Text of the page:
Friday, June 14, 2019


The reductive (also called subtractive) technique works this way:  First, with acrylic paint, I paint a layer of new color in a limited area -- then, while this layer is still wet, I place a stencil over it.  Holding the stencil in place with one hand, I use a paper towel or soft cloth to rub off still-wet paint in the areas that are exposed in the openings of the stencil.  (What I mean by "new color" is that the substrate has already been coated with other acrylics.)

In the above and the below detail close-ups, I used the subtractive/reductive technique with parts of my 9" x 12" stencil Blooming Where Planted.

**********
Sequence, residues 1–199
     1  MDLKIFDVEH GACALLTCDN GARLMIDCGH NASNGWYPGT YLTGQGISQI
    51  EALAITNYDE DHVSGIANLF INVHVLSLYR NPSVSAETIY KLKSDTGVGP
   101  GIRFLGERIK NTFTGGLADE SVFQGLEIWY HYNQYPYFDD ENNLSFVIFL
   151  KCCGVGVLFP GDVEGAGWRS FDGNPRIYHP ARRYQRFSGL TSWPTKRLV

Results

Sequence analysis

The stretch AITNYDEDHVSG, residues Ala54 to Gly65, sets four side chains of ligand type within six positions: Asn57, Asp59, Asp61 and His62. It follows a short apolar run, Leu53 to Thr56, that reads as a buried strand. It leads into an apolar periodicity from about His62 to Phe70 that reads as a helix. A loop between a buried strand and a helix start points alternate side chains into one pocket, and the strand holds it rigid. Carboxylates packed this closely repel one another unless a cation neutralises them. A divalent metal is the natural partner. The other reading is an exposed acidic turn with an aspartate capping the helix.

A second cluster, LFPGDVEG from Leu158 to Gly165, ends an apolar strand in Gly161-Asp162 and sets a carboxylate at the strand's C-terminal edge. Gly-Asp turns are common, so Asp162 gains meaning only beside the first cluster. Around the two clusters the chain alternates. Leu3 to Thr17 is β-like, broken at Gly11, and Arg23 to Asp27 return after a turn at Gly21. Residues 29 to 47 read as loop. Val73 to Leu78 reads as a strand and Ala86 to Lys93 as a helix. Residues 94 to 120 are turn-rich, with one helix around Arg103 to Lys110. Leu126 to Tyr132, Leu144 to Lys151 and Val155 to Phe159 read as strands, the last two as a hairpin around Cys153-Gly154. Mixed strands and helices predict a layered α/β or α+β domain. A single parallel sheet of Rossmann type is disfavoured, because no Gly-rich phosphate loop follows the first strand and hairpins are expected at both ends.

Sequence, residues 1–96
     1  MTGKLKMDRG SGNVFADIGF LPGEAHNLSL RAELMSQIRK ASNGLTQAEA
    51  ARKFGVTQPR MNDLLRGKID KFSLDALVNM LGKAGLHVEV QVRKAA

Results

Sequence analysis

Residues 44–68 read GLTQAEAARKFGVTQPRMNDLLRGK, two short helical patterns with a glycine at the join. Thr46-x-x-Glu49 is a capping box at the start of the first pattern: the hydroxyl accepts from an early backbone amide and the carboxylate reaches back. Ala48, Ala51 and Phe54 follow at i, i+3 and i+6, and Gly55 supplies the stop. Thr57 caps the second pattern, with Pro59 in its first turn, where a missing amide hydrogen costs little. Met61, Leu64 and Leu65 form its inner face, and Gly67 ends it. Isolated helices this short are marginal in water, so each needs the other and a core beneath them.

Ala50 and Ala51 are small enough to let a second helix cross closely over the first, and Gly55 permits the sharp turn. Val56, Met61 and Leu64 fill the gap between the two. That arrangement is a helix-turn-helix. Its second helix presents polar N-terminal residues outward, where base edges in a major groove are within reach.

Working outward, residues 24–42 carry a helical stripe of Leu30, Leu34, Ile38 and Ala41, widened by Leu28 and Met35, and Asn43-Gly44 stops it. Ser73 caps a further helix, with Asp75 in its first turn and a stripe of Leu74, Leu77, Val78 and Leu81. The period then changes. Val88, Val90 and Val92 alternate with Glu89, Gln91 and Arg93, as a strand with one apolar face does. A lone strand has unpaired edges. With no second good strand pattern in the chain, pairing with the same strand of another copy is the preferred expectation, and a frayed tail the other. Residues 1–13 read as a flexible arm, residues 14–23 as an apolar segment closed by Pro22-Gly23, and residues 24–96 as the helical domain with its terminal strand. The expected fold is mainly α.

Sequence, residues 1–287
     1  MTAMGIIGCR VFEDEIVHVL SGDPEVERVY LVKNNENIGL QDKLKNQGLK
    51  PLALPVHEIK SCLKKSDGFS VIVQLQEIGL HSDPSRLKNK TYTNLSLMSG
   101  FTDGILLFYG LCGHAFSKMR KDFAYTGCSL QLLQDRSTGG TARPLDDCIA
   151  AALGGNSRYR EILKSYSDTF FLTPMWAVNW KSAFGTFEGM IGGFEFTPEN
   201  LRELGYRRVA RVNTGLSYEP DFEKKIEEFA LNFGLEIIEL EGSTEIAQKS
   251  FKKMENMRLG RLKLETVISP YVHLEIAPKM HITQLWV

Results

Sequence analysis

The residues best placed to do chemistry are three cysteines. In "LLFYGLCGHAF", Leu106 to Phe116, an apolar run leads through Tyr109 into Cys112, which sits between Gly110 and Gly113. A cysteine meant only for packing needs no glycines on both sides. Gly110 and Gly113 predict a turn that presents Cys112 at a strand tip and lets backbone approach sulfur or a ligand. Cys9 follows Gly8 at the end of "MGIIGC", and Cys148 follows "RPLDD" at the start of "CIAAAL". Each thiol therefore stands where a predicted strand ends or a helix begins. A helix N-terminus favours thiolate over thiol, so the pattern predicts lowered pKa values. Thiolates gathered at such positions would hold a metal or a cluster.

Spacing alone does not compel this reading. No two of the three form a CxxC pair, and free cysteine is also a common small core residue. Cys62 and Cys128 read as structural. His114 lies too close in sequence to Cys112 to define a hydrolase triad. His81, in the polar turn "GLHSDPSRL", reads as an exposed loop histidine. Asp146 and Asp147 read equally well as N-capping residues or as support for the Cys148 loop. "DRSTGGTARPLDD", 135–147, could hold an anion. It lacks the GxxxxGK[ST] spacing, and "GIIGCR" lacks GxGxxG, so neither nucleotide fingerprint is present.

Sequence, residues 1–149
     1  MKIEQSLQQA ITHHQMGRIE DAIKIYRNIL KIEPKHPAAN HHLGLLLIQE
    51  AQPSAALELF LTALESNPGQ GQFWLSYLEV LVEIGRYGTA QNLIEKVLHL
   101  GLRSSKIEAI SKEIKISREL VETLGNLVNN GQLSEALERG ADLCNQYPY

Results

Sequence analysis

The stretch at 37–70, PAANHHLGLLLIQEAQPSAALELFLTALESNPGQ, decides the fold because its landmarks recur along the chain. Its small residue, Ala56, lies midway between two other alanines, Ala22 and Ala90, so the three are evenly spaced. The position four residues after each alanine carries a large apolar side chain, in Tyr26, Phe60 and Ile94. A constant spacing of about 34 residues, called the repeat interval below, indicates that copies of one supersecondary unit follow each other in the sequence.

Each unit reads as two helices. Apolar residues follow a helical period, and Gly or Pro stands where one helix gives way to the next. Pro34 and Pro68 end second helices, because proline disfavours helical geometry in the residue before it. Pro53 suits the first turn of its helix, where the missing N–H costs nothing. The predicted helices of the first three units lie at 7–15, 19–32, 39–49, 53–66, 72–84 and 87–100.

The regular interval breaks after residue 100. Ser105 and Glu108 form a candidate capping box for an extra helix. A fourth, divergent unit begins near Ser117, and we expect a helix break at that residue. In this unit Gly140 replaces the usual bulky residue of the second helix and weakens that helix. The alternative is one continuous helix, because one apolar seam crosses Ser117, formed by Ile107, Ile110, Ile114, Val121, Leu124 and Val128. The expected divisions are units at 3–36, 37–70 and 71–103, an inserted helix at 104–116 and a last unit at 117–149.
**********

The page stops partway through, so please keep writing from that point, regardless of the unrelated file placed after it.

To create the print below, I used a sponge brayer loaded with heavy-body acrylic paint and rolled it over a substrate that had already painted with several layers of acrylic paint.

Above:  Loading a sponge brayer with heavy-body acrylic paint.

Below is an updated version of a stretched canvas that I had previously started.  After finishing the painted areas, I added stained stencils as collage elements.  Some of these were cut from the stencil Blooming Where Plantedothers were cut from my 9" x 12" stencil Fantasia.

Above: unfinished mixed-media collage.

The stencils themselves look like this --


 Blooming Where Planted

Thanks for your visit here today!  To scroll thru the pages of my StencilGirl stencils, please start here.

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